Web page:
Pinko is a pejorative word for someone with left-wing views. Over time, the term has evolved and is now often used in a slightly comical way.
Merriam Webster says that pinko was first used in 1925 to mean “a person who holds advanced liberal or moderately radical political or economic views.” It’s considered a smear.
The word “red” has a long association with extremists on the left, and especially with communists. Pink, as a diluted or lighter form of red, was a natural way to describe someone whose views were liberal but not communist.
Pinko also carries a connotation of being slightly effeminate or perhaps weak. Although pinkos may not represent a huge threat to national security, they are also (by implication) not strong enough to defend the country from attack.
The term is closely associated with anti-communist politicians like Joseph McCarthy and Richard Nixon, who both used variations of pinko to attack their political opponents.
Nixon used a pink attack with great effectiveness against Helen Gahagan Douglas, a former actress turned liberal politician.
Douglas represented California in the House of Representatives. She was a vocal opponent of the House Committee on Un-American Activities, a staunch supporter of unions, and an advocate for desegregation. She ran for the Senate in 1950, which is when she ran afoul of Nixon.
As the House of Representatives’ own history page tells it:
In 1950 Representative Douglas opted to run for one of California’s U.S. Senate seats. When incumbent Senator Sheridan Downey abruptly withdrew from the race, Manchester Boddy, editor of the Democratic-leaning Los Angeles Daily News, became Douglas’s principal opponent in the Democratic primary. Despite Boddy’s attempts to smear Douglas by labeling her a communist sympathizer, or a “pink lady,” Douglas ultimately prevailed by a two-to-one margin.
The negative campaign begun by Boddy—particularly the “pink lady” epithet—resonated in the general election, as Douglas’s Republican opponent, Representative Richard M. Nixon, employed a similar strategy. Nixon’s ample campaign funds permitted him to wage a massive public relations campaign against Douglas.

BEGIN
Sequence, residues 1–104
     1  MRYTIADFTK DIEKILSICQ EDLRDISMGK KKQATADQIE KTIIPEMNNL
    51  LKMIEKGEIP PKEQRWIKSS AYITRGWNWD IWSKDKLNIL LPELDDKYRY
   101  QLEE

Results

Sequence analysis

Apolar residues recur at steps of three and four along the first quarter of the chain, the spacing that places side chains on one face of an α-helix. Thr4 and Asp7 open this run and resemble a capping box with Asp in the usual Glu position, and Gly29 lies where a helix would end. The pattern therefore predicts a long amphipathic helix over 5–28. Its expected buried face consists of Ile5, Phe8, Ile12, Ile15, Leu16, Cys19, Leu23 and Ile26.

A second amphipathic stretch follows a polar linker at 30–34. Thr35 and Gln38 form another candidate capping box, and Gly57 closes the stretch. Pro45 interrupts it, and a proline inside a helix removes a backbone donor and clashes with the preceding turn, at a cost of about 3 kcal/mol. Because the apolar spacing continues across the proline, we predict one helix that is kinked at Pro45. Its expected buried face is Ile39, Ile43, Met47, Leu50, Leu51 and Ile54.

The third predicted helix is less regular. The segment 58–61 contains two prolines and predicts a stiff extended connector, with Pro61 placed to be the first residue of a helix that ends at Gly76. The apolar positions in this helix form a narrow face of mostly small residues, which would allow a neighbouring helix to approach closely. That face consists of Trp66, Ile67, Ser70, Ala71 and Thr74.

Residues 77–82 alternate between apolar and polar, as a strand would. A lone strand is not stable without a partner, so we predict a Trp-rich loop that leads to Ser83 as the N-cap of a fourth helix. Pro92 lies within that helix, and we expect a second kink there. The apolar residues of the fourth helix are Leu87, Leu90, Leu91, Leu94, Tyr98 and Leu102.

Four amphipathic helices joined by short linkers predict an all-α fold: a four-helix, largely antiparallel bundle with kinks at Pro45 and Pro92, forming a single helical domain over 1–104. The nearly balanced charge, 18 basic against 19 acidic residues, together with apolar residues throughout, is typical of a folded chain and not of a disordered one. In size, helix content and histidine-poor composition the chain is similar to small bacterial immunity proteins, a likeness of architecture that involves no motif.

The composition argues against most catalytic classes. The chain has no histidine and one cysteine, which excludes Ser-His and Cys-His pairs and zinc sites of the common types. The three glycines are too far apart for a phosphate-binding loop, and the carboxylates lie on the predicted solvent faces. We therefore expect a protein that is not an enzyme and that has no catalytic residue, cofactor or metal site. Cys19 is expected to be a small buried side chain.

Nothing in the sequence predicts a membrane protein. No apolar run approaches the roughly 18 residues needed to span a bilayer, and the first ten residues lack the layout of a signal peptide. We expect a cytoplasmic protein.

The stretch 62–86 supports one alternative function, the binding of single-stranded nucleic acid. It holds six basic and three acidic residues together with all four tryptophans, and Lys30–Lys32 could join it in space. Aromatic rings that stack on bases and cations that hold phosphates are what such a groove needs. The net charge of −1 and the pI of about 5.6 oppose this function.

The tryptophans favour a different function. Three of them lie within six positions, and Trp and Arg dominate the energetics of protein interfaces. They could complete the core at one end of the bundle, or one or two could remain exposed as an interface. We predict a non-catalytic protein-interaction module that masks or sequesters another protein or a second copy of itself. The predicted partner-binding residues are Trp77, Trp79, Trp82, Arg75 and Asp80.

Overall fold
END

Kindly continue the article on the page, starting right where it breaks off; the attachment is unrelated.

Nixon accused her of being “pink down to her underwear”; he distributed hundreds of thousands of pink flyers comparing Douglas’s liberal voting record with those of other congressional liberals.
Pinko also carries connotations of elitism and intellectualism.
In the 1960s, Alabama governor George Wallace often lambasted what he called the “left wing pinko press” and of course, many journalists were more than happy to blast him right back.
Years later, the Canadian hockey commentator Don Cherry used the same language to attack the mainstream media in his own Canada. In 2010, Cherry spoke at the inauguration of his friend Rob Ford, who had been elected mayor of Toronto.
Cherry took the opportunity to complain about journalists who had criticized him throughout his career:
You know, it’s funny in those articles, my church, I was made fun of cause I go to church, I’m easy to do it that way. And I was called maudlin for the troops because I honor the troops, this is the kind of stuff you’re going to be facing Rob with these left-wing pinkos. They scrape the bottom of the barrel.
Examples of “pinko” in a sentence
- The far-right politician labeled his opponents as “pinkos” in an attempt to paint them as weak and unpatriotic.
- Some have criticized the use of the term “pinko” as a way to dismiss and marginalize those with progressive political views.
- The conservative commentator accused the liberal news network of being a mouthpiece for “pinko” ideology.